One fall day when I was younger, I came home from school with a burning question.
I burst through the door with enthusiasm and yelled, “Mom, can I have an allowance?”
I remember learning about this allowance concept and it blew my mind. Kids were paid. They were paid to do chores around the house while I did the same things for free. I must have been an idiot to do chores around the house free of charge.
My mother strolled casually into the kitchen. She raised her eyebrows and asked, “You want an allowance, eh?”
“Yes, please,” I said with a smile, not expecting her response.
“I allow you to wear those clothes! I allow you to eat the food I cook. I allow you to live in my home,” she replied in crescendo. “Is that not good enough?”
At the time, I was mortified. Not that I wasn’t used to loud noises, they were the norm in what neighbors had dubbed “the loud house.” I just realized, at that moment, that I was being raised much differently than other American kids.
“No, Mom, that’s good.”
“Good. Go outside and pick the beans, and don’t come inside until you have two baskets full.”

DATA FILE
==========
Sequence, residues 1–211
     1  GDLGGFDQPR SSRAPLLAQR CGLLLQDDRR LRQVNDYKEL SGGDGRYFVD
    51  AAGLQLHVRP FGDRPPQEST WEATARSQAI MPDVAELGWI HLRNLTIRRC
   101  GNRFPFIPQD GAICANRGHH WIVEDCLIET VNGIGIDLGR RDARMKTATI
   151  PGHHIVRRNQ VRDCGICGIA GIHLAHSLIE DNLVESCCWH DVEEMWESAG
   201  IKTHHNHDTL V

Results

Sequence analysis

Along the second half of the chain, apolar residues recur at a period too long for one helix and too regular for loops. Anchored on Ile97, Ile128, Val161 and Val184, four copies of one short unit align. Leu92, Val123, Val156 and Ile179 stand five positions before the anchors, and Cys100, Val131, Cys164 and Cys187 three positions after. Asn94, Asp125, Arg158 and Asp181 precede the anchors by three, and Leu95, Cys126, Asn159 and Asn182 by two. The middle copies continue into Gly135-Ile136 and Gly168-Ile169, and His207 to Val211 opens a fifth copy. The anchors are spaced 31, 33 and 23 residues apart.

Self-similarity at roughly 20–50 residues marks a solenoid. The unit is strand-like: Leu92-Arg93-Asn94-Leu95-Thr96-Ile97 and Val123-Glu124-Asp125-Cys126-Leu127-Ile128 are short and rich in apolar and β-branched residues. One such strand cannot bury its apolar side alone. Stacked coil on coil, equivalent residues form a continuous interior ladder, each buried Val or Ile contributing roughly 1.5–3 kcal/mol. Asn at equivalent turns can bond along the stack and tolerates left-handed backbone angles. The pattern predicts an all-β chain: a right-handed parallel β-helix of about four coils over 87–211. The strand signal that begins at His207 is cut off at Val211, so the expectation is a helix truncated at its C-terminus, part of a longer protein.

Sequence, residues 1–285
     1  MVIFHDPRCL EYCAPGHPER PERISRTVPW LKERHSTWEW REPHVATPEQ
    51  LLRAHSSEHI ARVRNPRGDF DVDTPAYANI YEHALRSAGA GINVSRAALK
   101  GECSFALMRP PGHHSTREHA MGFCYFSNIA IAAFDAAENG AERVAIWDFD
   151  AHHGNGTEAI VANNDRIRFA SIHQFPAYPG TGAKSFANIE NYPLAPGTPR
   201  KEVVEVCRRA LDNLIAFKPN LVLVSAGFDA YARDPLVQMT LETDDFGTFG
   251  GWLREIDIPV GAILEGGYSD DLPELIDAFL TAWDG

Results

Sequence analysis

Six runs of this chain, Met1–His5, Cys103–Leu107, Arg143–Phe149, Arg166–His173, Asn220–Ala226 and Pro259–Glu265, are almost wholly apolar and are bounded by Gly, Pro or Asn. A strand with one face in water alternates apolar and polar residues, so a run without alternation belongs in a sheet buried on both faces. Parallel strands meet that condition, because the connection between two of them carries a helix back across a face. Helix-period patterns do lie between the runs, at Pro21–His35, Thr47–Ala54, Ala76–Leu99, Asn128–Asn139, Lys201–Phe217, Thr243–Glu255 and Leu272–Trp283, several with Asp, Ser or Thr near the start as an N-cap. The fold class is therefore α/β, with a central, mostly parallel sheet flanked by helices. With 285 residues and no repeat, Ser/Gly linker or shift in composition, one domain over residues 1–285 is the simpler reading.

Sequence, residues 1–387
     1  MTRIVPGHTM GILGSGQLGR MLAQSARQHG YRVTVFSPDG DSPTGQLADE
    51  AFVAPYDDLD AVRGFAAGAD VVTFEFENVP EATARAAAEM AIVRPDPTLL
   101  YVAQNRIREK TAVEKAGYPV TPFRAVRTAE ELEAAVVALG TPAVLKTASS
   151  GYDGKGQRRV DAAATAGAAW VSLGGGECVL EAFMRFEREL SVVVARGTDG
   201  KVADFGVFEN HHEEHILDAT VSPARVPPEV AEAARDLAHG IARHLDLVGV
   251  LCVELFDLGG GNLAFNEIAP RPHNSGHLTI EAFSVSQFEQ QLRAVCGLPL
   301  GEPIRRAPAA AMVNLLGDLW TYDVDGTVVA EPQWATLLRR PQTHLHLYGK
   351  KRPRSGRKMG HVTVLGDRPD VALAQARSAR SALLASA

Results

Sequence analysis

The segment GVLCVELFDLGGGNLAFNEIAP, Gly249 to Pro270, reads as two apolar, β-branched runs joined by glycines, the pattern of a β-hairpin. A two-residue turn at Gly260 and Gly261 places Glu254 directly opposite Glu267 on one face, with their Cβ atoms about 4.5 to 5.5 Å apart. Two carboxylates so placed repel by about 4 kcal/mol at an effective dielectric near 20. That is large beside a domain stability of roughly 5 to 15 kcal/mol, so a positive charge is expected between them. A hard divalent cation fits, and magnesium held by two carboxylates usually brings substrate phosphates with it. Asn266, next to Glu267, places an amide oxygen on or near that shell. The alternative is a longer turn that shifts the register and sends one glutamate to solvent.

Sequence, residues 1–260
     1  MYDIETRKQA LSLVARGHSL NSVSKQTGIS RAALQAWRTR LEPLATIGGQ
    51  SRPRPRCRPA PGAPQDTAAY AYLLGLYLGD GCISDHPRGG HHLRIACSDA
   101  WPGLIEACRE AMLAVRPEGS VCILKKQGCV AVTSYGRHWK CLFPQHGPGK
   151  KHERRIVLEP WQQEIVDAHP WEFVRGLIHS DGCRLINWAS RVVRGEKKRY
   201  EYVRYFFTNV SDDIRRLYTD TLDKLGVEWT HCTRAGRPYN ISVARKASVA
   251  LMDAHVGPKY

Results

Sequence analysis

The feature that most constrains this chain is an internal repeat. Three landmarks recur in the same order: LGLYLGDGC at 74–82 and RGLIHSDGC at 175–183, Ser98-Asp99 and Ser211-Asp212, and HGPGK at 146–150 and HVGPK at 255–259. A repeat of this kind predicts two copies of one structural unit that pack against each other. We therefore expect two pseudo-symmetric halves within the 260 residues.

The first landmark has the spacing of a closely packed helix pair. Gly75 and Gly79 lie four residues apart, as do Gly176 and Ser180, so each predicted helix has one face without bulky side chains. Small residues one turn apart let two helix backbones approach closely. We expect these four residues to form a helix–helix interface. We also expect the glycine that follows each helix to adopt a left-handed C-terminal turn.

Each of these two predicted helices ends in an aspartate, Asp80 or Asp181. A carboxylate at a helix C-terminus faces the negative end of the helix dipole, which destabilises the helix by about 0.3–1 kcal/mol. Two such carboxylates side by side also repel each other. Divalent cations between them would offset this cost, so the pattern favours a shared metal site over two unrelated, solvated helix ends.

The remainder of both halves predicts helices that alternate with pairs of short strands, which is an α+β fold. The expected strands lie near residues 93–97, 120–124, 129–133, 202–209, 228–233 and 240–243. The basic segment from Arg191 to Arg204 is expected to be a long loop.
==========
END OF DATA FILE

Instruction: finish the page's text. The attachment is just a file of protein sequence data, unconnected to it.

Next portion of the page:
I was upset. I wanted money in return for my services. What I didn’t realize at the time was that my mother did me a favor. Years later, I can look back and appreciate it. I didn’t deserve to be paid.
I needed to pitch in around the house because that’s what a family does. Families do not merely coexist, they live together as a unit. I’m sure an allowance can teach kids fiscal responsibilities, but so will their first jobs.
It was my duty to take care of the beans, weed the strawberries, wash the dishes, take out the trash, or clean the toilet. I didn’t like it, but it built character.
Today, I earn money at work for doing my job. At home, I work for free because I have to. I didn’t deserve money for chores then and I don’t now.
Edward Burns is a freshman majoring in political science and broadcast journalism.